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Bucking The Trend:34/34?

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Bucking The Trend:34/34?

Old 01-14-21, 03:56 PM
  #26  
fattires
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Originally Posted by Classtime View Post
Who is refusing to modify the gearing on their Road bike from what was normal--like low gears of 42/24 for old bikes and 39/23 for newer road bikes?

AND, how's it going for you?


Jeff.
I do not regret building my new steel frame with 46/33, 10-33, even though initially I thought it would be too low. I was in 33-33 going up my steepest incline yesterday and doing an easy 95ish RPM. Slow speed but I liked it better than a mashing grind.

The lowest gear on my old ride was 39-23; just not low enough for me.
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Old 01-14-21, 04:24 PM
  #27  
UCantTouchThis
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I've done centuries with 10,000 ft , 4 times and one called Breathless Agony, 114 mile with 12,000 ft of gain on a standard 53/39- 12/26 no problem.

I'm not sure I could even get used to a compact crank after using standards for the last 24 years that I have been riding.

But I'm only 58.
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Old 01-14-21, 04:42 PM
  #28  
caloso
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It depends on whether you have low enough gears for the steepest part of the climb. I've done Haleakala on a 39x27 low gear. Sure it's 10K feet, but it's only 6%, same as your typical freeway overpass. It's a massively long grind, but there aren't any particularly steep pitches.
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Old 01-15-21, 05:31 PM
  #29  
sean.hwy
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For the hills around me I need a 1 to 1 ratio. front 30 rear 30. My bike came with 52/36 spider chainring. I special ordered a 46/30 spider chainring from England.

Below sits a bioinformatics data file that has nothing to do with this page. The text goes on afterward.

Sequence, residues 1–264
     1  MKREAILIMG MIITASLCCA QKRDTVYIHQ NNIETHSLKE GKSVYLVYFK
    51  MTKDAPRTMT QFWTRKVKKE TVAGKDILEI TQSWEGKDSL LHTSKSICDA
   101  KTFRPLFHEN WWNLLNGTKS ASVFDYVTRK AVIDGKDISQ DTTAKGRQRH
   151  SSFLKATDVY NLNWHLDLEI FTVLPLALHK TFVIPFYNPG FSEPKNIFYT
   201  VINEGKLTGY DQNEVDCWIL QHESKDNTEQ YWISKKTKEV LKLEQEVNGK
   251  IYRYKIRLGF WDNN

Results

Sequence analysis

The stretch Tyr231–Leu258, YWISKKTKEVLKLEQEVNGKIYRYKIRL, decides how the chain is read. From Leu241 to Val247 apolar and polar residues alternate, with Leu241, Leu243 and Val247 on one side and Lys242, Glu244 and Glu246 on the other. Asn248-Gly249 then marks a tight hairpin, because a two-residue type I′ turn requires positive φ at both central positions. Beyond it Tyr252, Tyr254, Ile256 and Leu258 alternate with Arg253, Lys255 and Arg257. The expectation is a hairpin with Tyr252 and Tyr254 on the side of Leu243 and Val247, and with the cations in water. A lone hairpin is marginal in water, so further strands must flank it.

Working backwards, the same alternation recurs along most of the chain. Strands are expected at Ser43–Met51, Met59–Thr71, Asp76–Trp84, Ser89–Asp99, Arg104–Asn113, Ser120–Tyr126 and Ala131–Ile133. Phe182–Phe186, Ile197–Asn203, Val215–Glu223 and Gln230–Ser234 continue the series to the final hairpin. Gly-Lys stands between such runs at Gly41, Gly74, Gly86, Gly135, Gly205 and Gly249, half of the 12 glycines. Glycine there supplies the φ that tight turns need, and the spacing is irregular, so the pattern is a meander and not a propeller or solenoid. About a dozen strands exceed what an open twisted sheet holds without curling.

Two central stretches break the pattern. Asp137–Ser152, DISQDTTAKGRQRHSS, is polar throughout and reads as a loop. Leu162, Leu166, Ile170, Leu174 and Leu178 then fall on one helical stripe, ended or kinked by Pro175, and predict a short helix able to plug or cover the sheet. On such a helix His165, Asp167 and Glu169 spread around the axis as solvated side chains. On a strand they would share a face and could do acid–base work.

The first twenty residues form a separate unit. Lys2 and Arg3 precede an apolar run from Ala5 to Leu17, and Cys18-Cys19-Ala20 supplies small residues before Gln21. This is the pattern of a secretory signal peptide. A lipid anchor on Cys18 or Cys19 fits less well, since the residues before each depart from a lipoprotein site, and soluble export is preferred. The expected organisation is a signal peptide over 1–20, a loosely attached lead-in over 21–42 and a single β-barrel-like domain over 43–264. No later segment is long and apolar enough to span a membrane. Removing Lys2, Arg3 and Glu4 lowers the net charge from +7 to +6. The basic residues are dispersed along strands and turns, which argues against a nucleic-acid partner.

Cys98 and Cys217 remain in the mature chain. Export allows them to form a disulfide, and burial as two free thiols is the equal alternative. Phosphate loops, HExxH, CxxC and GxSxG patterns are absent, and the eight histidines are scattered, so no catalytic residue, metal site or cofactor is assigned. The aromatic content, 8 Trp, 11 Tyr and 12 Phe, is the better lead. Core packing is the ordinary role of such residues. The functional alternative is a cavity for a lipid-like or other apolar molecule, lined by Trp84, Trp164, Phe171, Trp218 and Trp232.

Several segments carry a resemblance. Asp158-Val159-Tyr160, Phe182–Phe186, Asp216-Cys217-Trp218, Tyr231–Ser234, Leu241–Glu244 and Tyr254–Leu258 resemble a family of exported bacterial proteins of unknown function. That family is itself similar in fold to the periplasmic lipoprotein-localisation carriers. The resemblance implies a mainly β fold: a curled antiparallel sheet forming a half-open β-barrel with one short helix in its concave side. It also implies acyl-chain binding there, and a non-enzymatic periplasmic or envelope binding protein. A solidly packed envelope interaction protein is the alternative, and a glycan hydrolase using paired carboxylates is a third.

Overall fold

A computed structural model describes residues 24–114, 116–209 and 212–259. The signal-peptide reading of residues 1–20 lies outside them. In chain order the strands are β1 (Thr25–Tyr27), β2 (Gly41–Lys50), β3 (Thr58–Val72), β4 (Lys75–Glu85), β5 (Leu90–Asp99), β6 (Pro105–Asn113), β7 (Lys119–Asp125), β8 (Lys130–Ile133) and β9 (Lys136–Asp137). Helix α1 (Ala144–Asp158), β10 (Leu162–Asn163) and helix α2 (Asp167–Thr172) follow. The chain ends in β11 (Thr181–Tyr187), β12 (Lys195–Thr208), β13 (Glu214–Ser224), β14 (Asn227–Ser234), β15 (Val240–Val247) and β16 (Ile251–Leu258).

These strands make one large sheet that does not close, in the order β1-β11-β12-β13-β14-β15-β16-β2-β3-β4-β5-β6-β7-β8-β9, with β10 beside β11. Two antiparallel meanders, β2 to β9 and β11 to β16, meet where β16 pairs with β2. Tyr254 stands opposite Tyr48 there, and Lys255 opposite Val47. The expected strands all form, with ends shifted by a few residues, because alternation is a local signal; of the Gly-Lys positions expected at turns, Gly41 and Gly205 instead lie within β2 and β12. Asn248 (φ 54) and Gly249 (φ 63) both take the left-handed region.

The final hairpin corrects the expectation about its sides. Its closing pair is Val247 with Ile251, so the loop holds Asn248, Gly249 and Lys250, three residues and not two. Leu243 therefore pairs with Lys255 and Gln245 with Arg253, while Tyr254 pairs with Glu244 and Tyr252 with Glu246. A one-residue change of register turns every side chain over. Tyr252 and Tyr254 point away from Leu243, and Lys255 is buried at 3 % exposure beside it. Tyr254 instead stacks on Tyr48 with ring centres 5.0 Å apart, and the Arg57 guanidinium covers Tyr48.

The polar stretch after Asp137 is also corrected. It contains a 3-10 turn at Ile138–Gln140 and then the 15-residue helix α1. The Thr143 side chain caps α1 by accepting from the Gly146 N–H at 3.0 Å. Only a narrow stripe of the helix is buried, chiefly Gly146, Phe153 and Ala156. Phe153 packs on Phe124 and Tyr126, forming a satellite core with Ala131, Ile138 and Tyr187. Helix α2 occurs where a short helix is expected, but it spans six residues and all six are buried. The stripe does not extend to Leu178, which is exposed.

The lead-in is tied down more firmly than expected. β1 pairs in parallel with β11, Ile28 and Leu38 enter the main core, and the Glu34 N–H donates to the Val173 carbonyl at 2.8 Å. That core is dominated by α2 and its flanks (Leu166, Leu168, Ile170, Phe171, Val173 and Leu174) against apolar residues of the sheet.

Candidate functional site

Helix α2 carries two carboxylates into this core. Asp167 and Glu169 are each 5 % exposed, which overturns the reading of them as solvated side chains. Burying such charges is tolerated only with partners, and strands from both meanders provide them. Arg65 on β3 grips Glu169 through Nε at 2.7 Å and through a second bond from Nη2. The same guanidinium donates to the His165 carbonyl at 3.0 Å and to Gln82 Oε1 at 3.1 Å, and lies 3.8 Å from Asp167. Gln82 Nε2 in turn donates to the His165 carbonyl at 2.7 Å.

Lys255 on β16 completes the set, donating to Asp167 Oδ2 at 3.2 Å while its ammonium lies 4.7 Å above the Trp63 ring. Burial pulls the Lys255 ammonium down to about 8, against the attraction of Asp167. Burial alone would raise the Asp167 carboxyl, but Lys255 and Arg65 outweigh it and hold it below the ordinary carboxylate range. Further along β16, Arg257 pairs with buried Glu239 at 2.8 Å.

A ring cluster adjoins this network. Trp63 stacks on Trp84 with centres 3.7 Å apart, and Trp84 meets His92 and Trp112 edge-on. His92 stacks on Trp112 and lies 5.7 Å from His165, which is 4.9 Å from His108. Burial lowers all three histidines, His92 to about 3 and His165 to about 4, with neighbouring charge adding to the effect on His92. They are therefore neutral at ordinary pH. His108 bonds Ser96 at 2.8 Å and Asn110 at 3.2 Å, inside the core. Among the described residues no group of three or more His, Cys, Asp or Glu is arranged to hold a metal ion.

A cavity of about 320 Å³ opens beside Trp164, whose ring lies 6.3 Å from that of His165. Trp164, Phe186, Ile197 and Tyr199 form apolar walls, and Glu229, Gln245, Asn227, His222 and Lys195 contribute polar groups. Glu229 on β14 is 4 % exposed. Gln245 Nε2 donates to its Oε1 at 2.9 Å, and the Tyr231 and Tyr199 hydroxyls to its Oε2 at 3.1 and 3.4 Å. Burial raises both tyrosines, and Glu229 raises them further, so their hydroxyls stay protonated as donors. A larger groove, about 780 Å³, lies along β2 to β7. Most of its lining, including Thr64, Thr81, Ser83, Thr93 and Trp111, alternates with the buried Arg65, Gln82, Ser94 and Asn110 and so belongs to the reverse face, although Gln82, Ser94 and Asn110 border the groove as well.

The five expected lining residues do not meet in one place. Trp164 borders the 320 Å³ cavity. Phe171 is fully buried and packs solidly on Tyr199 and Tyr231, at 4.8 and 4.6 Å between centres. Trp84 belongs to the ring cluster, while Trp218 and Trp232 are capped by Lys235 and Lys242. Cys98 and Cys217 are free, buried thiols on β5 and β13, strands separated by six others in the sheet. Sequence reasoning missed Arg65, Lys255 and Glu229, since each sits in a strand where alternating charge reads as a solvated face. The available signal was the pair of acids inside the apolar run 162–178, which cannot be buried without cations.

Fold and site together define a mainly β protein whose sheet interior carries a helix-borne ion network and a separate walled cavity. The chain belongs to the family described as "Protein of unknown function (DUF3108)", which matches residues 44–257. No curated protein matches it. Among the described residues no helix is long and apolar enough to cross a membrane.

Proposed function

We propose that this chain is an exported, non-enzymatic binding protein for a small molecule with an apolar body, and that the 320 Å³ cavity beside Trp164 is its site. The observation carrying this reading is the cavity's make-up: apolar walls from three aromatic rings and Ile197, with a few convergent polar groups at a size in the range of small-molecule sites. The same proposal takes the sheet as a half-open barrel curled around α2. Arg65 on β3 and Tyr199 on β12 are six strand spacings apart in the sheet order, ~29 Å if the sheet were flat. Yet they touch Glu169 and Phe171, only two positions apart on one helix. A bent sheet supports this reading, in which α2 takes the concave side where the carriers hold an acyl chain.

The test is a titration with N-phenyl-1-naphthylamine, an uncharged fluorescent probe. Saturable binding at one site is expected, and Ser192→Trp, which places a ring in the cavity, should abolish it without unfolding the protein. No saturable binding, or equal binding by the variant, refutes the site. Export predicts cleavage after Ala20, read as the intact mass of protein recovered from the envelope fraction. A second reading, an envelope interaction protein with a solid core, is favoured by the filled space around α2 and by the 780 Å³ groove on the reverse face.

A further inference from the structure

I am not any faster up the hill but my knees are a lot happier.


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Old 01-15-21, 08:55 PM
  #30  
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At 68 years I am still riding my vintage bikes with close to their vintage gearing for shorter rides.

This one with a low gear of 47/28




This one with a low gear of 46/28




But for any ride over 40 or 50 miles or with more than about 4,000 feet of climbing or with grades over 15% I'm on a bike with lower gears or the final miles will be a death march and I'll need half a week to recover.

Something like this with a 36/32 low gear.




If there's lots of dirt or gravel climbing involved I'm down to 28/30.




It's not that I'm experiencing more injuries on the higher gears. It's a matter of strength and endurance. If I push big gears for more than two or three hours I simply run out of gas. Also I no longer have the leg strength to grind my way up a 20% slope in the taller gears that I used even fifteen years ago.
I enjoy long rides, and lower gears allow me to keep enjoying them: I'm comfortable with that.
Brent
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